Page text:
What’s It Like To Buy A Colorado Town?

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This story first aired on 07/19/16.

Editors note: The town of Cabin Creek sold in January 2017.

Something unusual is for sale on Craigslist. The price tag is $350,000 and it is not a fancy car or a house. It's a ghost town.

Cabin Creek is off U.S. 36, east of Denver and near Byers. James Johnson owns the property. He says it caught his eye while driving on the highway. The Craigslist ad includes the old gas station, a motel, a cafe, RV park and private shooting range. Johnson told KDVR he wants to sell so he and his wife can retire.

So that raises the question: What's it like to buy a town?

The Seegers family knows. In 2015, Chris Seegers and his wife, Tara, purchased Hillside in southern Colorado near Westcliffe. Photo: Town of Hillside_cottage

Chris Seegers spoke with Colorado Matters host Ryan Warner.

On why he thought the purchase was the right idea:

"When I looked at Hillside I really just saw the potential. I said, 'Man, we've got to first of all maintain community.' Because this is what I call my community. But all these other buildings, they're beautiful buildings. They need some TLC, but there's a lot of handmade architecture within the buildings. So if we can pull that out and revive these buildings, I think this is a beautiful location that we can use as vacation rental cottages."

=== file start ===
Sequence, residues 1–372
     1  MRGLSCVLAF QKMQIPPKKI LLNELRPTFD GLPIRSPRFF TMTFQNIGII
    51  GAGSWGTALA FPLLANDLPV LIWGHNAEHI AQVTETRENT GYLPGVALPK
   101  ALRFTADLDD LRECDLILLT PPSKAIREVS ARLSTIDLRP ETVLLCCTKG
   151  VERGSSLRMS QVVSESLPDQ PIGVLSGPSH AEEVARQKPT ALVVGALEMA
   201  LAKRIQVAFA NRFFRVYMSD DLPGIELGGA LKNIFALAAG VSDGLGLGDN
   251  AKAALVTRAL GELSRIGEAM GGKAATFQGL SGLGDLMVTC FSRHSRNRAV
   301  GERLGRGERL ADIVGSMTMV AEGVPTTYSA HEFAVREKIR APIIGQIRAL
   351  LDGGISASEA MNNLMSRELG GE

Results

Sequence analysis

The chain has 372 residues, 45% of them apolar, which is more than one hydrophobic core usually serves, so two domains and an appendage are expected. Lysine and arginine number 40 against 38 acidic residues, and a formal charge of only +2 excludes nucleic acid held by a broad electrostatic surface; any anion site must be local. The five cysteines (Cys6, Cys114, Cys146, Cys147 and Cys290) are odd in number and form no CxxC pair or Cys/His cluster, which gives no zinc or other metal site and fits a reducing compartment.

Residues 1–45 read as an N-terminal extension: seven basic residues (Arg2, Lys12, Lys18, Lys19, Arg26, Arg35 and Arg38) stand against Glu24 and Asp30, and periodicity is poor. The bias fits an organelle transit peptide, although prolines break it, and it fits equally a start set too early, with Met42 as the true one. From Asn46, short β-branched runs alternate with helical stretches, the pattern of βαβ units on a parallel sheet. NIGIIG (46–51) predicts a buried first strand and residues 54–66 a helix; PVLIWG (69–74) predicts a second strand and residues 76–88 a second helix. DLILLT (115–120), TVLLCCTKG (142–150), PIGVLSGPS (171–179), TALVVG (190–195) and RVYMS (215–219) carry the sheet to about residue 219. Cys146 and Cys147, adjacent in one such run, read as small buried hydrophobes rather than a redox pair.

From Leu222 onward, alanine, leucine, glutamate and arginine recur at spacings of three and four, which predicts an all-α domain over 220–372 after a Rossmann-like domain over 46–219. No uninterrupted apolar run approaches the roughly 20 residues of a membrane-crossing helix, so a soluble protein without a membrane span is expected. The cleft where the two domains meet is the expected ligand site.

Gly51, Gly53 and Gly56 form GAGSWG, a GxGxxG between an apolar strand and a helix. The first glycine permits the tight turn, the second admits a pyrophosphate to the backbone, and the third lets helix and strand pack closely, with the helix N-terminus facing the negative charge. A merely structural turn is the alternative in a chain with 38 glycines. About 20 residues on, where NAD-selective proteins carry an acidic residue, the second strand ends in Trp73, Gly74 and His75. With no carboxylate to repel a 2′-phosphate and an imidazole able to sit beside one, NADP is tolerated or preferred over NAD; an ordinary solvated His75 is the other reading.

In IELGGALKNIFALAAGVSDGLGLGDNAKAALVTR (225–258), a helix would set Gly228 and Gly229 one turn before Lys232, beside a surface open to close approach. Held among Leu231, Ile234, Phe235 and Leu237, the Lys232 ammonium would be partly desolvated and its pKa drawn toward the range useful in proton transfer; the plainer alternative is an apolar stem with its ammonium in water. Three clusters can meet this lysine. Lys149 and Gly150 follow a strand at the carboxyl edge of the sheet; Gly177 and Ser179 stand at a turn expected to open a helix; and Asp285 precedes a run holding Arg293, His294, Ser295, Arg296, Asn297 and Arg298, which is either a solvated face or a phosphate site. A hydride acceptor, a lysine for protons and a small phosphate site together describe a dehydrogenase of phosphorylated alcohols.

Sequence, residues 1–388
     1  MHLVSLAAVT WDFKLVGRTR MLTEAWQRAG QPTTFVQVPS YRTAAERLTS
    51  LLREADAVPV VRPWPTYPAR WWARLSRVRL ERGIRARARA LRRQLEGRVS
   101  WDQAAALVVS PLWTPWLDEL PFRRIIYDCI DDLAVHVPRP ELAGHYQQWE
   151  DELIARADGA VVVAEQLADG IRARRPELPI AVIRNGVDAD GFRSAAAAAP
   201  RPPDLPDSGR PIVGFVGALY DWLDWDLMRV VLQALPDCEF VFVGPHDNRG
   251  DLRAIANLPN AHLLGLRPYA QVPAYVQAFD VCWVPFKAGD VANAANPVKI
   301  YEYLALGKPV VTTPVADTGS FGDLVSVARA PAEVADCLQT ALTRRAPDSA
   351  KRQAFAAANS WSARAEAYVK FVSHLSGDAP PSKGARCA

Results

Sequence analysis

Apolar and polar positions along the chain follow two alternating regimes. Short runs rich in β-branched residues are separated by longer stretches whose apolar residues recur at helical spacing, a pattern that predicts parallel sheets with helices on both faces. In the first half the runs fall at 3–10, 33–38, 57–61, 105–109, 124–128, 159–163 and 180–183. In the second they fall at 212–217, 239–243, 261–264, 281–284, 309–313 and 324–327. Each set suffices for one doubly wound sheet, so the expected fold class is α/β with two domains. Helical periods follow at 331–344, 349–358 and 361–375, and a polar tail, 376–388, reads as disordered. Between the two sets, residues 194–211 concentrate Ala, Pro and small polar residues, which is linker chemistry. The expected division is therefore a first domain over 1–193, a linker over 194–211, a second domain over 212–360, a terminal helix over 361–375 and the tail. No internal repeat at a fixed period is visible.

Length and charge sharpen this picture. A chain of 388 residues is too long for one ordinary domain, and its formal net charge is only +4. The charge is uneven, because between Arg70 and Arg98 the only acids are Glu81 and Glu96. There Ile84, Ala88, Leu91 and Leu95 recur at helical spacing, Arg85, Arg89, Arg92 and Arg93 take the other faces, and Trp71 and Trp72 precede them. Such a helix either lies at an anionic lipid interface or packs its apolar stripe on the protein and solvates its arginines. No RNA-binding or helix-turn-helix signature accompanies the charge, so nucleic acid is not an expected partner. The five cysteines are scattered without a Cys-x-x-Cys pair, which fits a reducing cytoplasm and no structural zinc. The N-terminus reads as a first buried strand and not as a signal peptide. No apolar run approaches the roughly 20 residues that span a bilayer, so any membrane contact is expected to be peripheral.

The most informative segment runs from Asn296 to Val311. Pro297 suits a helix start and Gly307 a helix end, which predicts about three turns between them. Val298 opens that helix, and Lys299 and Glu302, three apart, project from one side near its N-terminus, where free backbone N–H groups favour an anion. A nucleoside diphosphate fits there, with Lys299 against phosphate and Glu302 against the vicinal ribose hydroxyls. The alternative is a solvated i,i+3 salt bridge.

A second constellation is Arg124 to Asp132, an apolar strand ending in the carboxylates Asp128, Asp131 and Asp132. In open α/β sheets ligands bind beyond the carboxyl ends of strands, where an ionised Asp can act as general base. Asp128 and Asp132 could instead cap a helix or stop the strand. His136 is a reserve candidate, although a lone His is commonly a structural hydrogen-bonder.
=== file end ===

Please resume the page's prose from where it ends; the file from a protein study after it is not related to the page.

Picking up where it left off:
On how they approached the future vision of the town:

"In the 90's there was a gentlemen who bought Hillside, and just did kind of a lot of bad things. Tore some historical buildings down, and just kind of infuriated the local residents... a few couples had gotten together and said we want to maintain the integrity of Hillside. But [the owners] had just realized, hey they're getting older and hey, we want to bring someone in with some energy and with some vision. And we came in and said this is our plan, we want to maintain the integrity of it. But we want to provide a business model that makes money, so we can bring events and concerts and that sort of thing back to the community."

On how the town runs as a business:

"Whenever my friends find out, 'Hey you own a town,' I kind of try to minimize it because you seem a bit egocentric if you say 'I own a town.' But I mean, it's really a business, when it comes down to it. The community is there and will always be there, but the actual physical day-to-day is operating a post office and vacation rental cottages. So insuring it is just the same as insuring a business."